The Maritime History of the Great Lakes
British Whig (Kingston, ON), June 2, 1888

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The schr. B.W. Folger has been chartered to load lumber for Oswego.

The schr. Jessie Breck is loading lumber at Toledo for Garden Island.

The schr. Gearing cleared from Portsmouth for South Bay this morning, light.

The government is considering the needs of navigation in connection with the placement of a lighthouse on one of the Brothers islands.

The Richelieu navigation company's steamers will commence their regular trips on the western lines next Monday. The first boat will leave Toronto for Montreal on Wednesday.

The prop. Myles, at Port Colborne with wet wheat, discharged 36,000 bushels of her 40,000 bushels, and, as the rest was refused, sold it to Buffalo men at 31 cents a bushel, and the boat went there to discharge. The Myles loaded her wheat at Fort William, five miles beyond Port Arthur, last November, and on the way down was cut through with ice and had to lay up throughout the winter. Repairs were made, and though the wheat is now all dry, some of the rejected part is in a hard lump, and the rest musty. She has two loads of wheat from Port Arthur for Kingston.

Arrangements are about completed between the Canadian Pacific company and the Polson Iron Works Company, Toronto, for the construction of a large steel steamer to run with the Alberta and Athabaska between Owen Sound and Port Arthur. The new steamer will be wholly built in Toronto, and taken apart for transportation through the Welland canal. She will be thirty feet longer than either of her two sister ships, and will be one of the largest vessels afloat on fresh water. She will use the engines of the Algoma, which were saved almost uninjured when that vessel was wrecked on Isle Royale. It is also stated that two very large steel steamers are to be built in Buffalo for the Canadian Pacific company, to run between Buffalo and Chicago.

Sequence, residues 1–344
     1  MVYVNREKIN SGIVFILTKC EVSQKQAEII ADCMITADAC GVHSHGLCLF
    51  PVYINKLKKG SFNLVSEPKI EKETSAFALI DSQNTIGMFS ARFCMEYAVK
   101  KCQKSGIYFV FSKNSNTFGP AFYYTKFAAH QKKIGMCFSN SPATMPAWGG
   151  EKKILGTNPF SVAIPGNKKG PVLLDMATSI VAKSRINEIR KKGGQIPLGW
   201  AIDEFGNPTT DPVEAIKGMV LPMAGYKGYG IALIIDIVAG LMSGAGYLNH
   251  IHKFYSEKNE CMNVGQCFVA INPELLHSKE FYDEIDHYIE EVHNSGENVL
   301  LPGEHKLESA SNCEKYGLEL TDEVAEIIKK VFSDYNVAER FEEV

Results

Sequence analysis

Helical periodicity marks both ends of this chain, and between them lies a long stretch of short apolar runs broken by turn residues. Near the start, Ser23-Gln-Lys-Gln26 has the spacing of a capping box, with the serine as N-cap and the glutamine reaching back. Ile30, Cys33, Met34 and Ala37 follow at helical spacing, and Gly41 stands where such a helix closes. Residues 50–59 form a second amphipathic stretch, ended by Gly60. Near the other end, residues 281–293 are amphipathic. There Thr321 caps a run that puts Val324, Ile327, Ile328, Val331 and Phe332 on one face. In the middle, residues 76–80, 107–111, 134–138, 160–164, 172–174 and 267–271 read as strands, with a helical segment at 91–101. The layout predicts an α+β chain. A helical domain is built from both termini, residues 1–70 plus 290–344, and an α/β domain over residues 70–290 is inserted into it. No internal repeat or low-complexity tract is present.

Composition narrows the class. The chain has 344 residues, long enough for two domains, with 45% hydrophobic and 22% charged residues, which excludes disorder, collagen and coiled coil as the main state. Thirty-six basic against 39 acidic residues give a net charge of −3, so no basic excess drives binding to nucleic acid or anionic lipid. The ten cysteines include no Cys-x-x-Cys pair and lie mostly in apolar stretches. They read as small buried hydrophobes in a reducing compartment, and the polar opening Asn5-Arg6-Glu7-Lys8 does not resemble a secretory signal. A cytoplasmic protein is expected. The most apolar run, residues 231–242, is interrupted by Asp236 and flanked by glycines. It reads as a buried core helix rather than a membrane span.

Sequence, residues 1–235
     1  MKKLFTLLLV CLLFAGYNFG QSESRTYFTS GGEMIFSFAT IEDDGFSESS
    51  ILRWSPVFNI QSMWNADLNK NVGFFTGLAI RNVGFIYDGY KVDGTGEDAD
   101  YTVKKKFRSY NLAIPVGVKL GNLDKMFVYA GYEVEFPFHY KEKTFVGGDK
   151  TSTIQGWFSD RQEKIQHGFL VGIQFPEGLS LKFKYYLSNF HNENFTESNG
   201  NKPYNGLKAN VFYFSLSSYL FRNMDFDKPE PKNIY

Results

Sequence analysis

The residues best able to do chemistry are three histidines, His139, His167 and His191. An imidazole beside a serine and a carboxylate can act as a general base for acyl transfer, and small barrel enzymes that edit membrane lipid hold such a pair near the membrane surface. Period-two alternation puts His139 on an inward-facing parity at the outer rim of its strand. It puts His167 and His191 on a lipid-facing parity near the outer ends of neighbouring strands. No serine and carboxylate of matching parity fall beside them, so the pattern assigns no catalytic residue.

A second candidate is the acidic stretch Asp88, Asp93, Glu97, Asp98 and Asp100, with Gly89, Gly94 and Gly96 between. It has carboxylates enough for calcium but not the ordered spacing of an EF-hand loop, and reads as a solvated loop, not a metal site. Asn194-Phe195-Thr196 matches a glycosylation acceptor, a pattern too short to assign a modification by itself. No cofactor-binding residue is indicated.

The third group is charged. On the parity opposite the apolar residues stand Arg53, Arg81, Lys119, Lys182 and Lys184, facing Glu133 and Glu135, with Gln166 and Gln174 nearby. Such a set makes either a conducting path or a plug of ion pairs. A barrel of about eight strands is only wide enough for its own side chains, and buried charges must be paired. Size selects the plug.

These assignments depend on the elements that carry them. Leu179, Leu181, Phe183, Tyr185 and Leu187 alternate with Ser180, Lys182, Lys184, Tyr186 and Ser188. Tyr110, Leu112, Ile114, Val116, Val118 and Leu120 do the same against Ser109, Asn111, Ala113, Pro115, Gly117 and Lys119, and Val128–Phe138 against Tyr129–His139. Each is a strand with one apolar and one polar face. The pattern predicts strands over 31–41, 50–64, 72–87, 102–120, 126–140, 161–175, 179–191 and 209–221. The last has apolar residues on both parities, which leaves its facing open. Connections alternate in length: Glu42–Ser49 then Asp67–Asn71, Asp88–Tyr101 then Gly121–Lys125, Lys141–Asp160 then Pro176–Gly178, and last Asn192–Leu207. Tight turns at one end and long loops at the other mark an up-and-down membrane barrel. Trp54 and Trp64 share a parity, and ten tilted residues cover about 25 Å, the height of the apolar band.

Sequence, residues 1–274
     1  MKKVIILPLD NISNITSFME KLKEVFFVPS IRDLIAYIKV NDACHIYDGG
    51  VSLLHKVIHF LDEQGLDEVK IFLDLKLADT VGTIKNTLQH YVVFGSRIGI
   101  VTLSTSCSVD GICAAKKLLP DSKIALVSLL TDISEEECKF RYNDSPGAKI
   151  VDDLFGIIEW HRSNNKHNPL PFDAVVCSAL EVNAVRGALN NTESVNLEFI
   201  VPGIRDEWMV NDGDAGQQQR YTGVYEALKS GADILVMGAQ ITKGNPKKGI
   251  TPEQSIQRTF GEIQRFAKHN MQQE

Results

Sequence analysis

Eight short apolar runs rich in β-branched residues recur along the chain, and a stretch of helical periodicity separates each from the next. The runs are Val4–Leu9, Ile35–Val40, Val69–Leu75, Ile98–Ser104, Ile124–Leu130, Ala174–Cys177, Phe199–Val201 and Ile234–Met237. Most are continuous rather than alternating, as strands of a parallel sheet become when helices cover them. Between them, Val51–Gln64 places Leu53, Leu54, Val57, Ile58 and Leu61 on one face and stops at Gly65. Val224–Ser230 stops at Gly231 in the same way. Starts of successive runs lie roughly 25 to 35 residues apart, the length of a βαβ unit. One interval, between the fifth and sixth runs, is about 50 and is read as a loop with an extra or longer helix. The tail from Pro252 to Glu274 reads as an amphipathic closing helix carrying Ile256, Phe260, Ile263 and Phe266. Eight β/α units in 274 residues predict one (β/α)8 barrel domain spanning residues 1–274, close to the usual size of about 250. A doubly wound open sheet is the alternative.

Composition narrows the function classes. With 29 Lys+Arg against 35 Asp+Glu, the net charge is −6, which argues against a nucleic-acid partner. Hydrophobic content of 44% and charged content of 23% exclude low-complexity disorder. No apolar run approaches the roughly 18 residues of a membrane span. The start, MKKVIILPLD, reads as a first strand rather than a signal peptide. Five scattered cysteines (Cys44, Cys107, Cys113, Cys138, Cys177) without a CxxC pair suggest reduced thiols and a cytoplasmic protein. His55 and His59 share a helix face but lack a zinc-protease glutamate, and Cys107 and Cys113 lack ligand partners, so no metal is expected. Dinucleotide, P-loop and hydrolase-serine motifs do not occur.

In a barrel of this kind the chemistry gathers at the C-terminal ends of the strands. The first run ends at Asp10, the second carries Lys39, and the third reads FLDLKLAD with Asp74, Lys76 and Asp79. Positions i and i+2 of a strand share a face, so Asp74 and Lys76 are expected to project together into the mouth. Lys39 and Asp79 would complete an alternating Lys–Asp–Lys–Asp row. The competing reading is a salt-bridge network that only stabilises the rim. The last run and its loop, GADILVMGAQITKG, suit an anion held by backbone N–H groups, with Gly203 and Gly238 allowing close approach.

Further reference is made to the first shipping disaster on Lake Superior which occurred on Thursday at half-past three, when the schooner Maggie McRae went down ten miles out from Thunder Cape and 28 miles from port in 600 feet of water. She and the Laura were consorts of the steambarge Bruno, all leaving Port Arthur for Kingston with heavy loads of wheat. They struck a heavy field of ice after passing Silver Islet. The Bruno, leading, was badly damaged. The Maggie McRae, the first of the tow, had her bows stove in, filled with water and went down in about an hour. She is a total loss. The crew of seven men had time to save their clothing and escape to the Bruno. The Laura, the last of the tow, escaped injury. The Bruno returned to Port Arthur for repairs with the crew of the lost vessel on board, and the Laura in tow. The Maggie McRae had a cargo of 25,000 bushels of wheat, consigned to Ogilvies, Montreal. Both vessel and cargo are a complete loss. The vessel belonged to J. & J.T. Matthews, Toronto. She has been in the lake service since 1873. Her registered capacity was 315 tons and she was valued at $10,000. The cargo was worth $25,000, which was insured in full.

Arrivals: schr. Singapore, Charlotte, 357 tons coal; schr. Annie M. Foster, Oswego, 155 tons coal; prop. Lake Michigan, Oswego, light; prop. Lake Ontario, Montreal, general cargo.

Clearances: prop. Monteagle, Charlotte, light; schr. White Oak, Oswego, light; prop. Scotia and two barges, Georgian Bay, light.

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June 2, 1888
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Rick Neilson
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Public domain: Copyright has expired according to the applicable Canadian or American laws. No restrictions on use.
Maritime History of the Great Lakes
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British Whig (Kingston, ON), June 2, 1888